John Patterson's wholehearted support for John F. Kennedy in the presidential campaign of 1960 seems mystifying in the light of Kennedy's support for civil rights and the huge animosity towards him by many Southerners in later years. Patterson saw in Kennedy a man of his own generation who had also seen combat in World War II, who beleved in the same economic liberalism as Patterson did. Kennedy also shared Patterson's interest in combating organized crime. Both John and Robert Kennedy had played an important role in Senate racketeering investigations. Former Alabama Governor Albert Brewer recalls how Patterson was among the first governors to endorse Kennedy for the Democratic Party nomination.

John Siegenthaler, for many years executive editor of the Nashville Tennesseean, was an aide and friend of Robert Kennedy before and after the election of 1960. He recalls how the Kennedys knew they needed the South but could not expect solid support given Kennedy's Roman Catholicism, a major issue in the South. Even though John Kennedy could not afford to further alienate his Southern support, he made a famous phone call to Coretta Scott King during the campaign after her husband Martin Luther King was jailed in Atlanta. Siegenthaler describes the aftereffects.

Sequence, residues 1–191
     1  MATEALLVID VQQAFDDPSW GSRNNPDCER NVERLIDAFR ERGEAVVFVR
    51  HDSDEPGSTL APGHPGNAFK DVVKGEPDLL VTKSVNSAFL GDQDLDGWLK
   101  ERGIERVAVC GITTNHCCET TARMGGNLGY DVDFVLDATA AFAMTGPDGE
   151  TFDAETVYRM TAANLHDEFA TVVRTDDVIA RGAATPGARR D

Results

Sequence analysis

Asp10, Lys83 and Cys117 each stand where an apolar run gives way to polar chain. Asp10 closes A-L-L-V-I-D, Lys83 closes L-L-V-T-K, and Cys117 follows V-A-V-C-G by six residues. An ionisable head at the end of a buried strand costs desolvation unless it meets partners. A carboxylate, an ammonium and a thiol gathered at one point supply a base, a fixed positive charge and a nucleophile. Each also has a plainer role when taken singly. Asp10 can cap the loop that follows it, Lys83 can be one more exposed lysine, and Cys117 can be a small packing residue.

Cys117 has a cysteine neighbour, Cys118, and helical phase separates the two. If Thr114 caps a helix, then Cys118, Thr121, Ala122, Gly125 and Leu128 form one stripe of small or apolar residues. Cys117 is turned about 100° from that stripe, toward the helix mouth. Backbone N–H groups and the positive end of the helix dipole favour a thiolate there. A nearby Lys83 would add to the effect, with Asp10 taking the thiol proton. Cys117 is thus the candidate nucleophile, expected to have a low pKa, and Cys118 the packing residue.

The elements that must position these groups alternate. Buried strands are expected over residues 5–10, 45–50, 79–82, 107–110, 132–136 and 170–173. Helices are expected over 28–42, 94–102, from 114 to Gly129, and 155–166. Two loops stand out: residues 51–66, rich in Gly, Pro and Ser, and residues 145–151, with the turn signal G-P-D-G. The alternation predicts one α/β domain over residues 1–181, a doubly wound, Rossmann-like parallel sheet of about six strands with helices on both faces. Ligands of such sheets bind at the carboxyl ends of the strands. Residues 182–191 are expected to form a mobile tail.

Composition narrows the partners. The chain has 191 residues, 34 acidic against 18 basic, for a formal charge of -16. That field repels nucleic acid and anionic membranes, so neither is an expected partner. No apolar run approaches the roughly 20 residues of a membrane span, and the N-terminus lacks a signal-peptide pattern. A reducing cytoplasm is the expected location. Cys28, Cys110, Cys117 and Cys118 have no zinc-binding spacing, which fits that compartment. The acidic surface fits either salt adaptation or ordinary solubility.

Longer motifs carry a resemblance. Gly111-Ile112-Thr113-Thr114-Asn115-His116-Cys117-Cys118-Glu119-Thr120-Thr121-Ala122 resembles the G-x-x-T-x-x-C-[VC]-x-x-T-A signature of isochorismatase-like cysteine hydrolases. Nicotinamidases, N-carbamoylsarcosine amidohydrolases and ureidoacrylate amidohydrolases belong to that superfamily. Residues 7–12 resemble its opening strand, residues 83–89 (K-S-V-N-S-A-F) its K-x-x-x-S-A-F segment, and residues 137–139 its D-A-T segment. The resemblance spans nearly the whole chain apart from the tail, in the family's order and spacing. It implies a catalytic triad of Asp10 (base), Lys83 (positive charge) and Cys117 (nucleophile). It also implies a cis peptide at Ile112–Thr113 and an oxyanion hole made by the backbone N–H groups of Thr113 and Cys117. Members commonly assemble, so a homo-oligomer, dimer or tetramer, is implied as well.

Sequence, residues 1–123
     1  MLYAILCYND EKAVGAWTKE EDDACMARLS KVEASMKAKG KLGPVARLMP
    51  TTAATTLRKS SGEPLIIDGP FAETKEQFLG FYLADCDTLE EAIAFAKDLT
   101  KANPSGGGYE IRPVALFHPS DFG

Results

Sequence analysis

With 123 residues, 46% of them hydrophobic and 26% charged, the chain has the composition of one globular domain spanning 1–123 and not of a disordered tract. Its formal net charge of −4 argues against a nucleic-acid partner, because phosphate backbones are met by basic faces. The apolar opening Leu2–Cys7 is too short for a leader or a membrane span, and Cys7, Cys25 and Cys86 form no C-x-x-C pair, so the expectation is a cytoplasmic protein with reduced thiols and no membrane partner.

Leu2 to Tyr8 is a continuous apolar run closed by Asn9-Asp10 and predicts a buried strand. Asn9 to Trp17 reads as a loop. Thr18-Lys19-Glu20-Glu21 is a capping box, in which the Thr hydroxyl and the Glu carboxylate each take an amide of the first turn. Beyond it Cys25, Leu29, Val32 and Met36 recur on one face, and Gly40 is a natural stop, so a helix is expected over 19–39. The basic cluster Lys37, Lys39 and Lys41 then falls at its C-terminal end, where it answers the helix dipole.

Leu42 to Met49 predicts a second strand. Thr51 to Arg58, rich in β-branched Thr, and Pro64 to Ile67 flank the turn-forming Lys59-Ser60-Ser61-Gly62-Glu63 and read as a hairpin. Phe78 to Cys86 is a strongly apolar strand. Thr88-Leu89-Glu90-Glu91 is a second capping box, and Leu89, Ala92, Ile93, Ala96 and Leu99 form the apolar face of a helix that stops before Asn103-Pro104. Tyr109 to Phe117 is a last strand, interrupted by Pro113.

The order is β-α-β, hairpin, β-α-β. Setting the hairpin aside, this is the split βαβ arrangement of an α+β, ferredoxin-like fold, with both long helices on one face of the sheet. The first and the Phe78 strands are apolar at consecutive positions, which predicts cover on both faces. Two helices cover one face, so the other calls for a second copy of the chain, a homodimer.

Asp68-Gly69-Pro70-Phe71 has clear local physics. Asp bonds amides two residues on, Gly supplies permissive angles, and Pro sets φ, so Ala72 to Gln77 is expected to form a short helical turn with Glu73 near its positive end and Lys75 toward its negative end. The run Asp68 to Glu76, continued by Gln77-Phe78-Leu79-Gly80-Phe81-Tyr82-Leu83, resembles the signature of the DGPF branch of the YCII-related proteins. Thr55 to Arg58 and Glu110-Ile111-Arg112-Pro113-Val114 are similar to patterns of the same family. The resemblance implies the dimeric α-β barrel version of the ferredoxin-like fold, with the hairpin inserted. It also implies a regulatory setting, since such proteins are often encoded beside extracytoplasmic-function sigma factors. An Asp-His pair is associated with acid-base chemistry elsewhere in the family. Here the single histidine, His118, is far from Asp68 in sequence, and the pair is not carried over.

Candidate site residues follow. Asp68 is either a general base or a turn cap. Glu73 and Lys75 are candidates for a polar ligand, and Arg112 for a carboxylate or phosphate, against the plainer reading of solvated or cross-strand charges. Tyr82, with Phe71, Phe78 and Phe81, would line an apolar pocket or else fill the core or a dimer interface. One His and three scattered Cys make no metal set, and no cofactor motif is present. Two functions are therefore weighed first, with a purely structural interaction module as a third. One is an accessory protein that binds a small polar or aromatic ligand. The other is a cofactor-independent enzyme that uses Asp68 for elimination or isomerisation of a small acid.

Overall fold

John Patterson's enthusiastic support for John F. Kennedy extended to his carrying bags of cash to Kennedy's Georgetown house. He saw Kennedy's call to Coretta King as political just as his own embrace of segregationism was political. But political events would not allow their alliance to continue. Patterson describes how the events surrounding the 1961 freedom rides ended the direct access to the White House he had previously enjoyed.